Drone-vs-Bird Detection Challenge

Nil Ayvaz

Haziran 4, 2021



Drone vs Bird Competition Announcement

As OBSS AI we are were happy to inform you that we are 1st place on WOSDETC Drone vs Bird Challenge 2021 which is the most prestigious competition on detecting drones.

What is Drone vs Bird Challenge

The Drone vs. Bird Detection Challenge was launched in 2017, during the first edition of the International Workshop on Small-Drone Surveillance,Detection and Counteraction Techniques (WOSDETC) as part of the 14th edition of the IEEE International Conference on Advanced Video and Signal based Surveillance (AVSS). This challenge aims to address the technical issues of discriminating between drones and birds. Given their characteristics, in fact, drones can be easily confused with birds, particularly at long distances, which makes the surveillance task even more challenging. The use of video analytics can solve the issue, but effective algorithms are needed that can operate under unfavorable conditions, namely weak contrast, long-range, low visibility, etc.

In 2021, Drone vs Bird Detection Challenge is held 3rd time with more comprehensive testing set. For more information on the challange you can visit the challange web site: https://wosdetc2021.wordpress.com/drone-vs-bird-detection-challenge/

For the Drone vs Bird Detection Challenge 2021, 77 different video sequences have been made available as training data. These video sequences originate from the previous installment of the challenge and were collected using MPEG4-coded static cameras by the Fraunhofer IOSB research institute. The video sequences are recorded with both static cameras and moving cameras and the resolution varies between 720×576 and 3840×2160 pixels. In
total, 8 different types of drones exist in the dataset, 3 with fixed wings and 5 rotary ones. For each video, a separate annotation file is provided, which contains the frame number and the bounding box (expressed as [topx topy width height]) for the frames in which drones enter the scenes.

Our Solution

Our method approaches the drone detection problem by fine-tuning a YOLOv5 model with real and synthetically generated data, then using a Kalman- based object tracker to boost detection confidence. Our results indicate that augmenting the real data with an optimal subset of synthetic data can increase the performance. Moreover, temporal information gathered by object tracking methods can increase performance further.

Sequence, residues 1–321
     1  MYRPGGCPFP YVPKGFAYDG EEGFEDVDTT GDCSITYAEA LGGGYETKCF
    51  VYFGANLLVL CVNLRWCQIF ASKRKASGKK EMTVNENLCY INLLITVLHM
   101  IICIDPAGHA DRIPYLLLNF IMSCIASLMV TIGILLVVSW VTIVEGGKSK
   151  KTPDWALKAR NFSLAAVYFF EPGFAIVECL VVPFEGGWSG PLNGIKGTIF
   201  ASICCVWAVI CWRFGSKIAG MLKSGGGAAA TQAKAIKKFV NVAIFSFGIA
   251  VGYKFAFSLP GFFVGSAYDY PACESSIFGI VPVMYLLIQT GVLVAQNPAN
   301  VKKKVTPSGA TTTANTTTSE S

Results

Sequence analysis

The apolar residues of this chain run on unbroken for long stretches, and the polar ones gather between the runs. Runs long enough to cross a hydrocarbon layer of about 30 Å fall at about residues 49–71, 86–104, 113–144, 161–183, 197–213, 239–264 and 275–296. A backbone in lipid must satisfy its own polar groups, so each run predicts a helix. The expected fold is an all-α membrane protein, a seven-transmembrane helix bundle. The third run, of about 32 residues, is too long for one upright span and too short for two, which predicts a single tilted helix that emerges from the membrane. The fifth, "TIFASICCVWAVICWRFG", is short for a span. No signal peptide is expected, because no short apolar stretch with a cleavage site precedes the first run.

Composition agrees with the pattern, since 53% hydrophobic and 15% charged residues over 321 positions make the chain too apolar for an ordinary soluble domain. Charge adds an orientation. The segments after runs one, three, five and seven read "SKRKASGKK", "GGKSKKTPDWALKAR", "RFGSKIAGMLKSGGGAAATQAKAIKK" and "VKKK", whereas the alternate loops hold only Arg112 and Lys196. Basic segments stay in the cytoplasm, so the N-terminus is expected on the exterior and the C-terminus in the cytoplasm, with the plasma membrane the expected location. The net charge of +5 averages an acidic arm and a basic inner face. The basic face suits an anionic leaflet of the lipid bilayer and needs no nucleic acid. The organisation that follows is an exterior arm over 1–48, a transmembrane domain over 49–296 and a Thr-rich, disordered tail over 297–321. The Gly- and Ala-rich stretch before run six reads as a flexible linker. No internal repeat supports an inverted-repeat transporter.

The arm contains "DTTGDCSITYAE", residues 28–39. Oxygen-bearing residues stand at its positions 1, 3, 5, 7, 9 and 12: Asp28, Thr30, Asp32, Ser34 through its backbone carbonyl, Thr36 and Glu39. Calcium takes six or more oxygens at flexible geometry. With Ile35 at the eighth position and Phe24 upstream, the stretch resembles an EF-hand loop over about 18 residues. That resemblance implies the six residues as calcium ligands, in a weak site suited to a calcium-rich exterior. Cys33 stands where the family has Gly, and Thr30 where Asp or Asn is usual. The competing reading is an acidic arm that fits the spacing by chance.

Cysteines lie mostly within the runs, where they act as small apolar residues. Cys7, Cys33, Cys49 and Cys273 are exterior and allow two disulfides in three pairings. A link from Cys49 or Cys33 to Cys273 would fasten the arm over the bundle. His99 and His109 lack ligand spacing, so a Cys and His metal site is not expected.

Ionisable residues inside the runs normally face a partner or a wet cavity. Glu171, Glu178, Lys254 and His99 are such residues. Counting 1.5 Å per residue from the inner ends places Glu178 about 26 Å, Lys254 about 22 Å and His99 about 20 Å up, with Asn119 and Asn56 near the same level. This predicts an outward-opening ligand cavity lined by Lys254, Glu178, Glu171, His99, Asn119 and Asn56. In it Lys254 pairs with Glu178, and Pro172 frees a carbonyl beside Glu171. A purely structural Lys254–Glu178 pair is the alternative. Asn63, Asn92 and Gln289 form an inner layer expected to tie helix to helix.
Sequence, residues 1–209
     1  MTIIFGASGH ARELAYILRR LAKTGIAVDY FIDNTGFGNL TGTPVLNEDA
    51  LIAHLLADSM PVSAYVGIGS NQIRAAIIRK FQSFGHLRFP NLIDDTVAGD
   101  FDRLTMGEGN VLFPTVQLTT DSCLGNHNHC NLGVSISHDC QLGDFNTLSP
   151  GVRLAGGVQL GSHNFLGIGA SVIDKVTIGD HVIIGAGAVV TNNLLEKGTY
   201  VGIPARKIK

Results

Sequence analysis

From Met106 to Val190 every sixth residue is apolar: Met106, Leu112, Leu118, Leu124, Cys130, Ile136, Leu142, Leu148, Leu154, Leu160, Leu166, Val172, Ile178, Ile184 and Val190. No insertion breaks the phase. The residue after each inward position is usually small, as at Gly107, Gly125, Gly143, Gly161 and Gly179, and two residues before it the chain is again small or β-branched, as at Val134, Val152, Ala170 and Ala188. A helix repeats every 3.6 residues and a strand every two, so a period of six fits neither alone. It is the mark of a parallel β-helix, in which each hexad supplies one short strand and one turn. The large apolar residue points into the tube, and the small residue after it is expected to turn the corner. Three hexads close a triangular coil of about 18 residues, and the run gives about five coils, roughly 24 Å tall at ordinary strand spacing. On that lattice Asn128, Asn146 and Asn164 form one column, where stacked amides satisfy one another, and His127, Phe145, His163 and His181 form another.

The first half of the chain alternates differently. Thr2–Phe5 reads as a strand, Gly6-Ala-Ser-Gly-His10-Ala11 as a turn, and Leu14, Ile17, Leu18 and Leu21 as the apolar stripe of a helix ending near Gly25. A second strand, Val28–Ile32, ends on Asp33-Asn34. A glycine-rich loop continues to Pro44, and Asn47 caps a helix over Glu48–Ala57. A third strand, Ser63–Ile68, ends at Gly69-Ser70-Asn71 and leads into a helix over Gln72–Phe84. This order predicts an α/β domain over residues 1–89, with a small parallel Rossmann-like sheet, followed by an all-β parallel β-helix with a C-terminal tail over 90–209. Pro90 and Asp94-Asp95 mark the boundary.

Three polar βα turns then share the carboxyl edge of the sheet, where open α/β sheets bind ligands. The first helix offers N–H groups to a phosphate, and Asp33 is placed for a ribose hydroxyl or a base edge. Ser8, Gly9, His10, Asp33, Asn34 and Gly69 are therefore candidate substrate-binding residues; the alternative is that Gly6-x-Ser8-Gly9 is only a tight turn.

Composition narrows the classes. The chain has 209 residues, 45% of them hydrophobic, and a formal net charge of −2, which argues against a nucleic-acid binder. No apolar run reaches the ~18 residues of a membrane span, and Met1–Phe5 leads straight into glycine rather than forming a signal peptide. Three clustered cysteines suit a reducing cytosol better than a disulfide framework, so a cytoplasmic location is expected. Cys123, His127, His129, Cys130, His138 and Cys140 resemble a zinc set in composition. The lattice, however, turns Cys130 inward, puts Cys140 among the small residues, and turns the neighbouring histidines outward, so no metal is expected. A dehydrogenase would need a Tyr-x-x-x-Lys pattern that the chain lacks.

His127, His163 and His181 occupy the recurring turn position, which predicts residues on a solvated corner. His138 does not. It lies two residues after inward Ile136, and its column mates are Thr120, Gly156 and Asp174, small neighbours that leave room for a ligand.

As the base object detector we utilized YOLOv5 object detection method. YOLOv5 is selected because since it is the fastest and accurate enough anchor- based object detector as of 2021. In addition, it supports automated anchor optimization, which is proven to improve performance and multi-level feature stages that can handle objects at different scales.

Object tracking algorithms are used to provide continuity of object detections over time. While tracking the objects is not directly required, it provides temporal information about the objects in the video that can further improve performance. A simple Kalman-based tracking method is applied over the predictions of the object detection network. The tracking parameters are optimized for drone tracking considering moving camera scenarios. Furthermore, assigning the maximum confidence value in a track to all independen frame predictions, we apply a track-based confidence boosting which further contributes to the overall AP score.

The use of synthetic data in deep learning appears helpful in scenarios where data is scarce or unavailable. Although synthetic data alone cannot show the same performance as real data, it has been seen that it increases performance when used alongside real data. For the drone tracking problem, a method for creating labeled, randomized compositions by positioning 3D drone objects in front of 2D backgrounds were designed. This method was chosen because it is challenging to create a 3D randomized environment for the drone detection problem, and a location-independent object such as a drone can be used appropriately with 2D backgrounds. To generate the dataset, 3D drone models were rendered with various conditions such as position, rotation and lighting, and post-process effects on the randomized background images.

Refer to our published papers for more technical detail:


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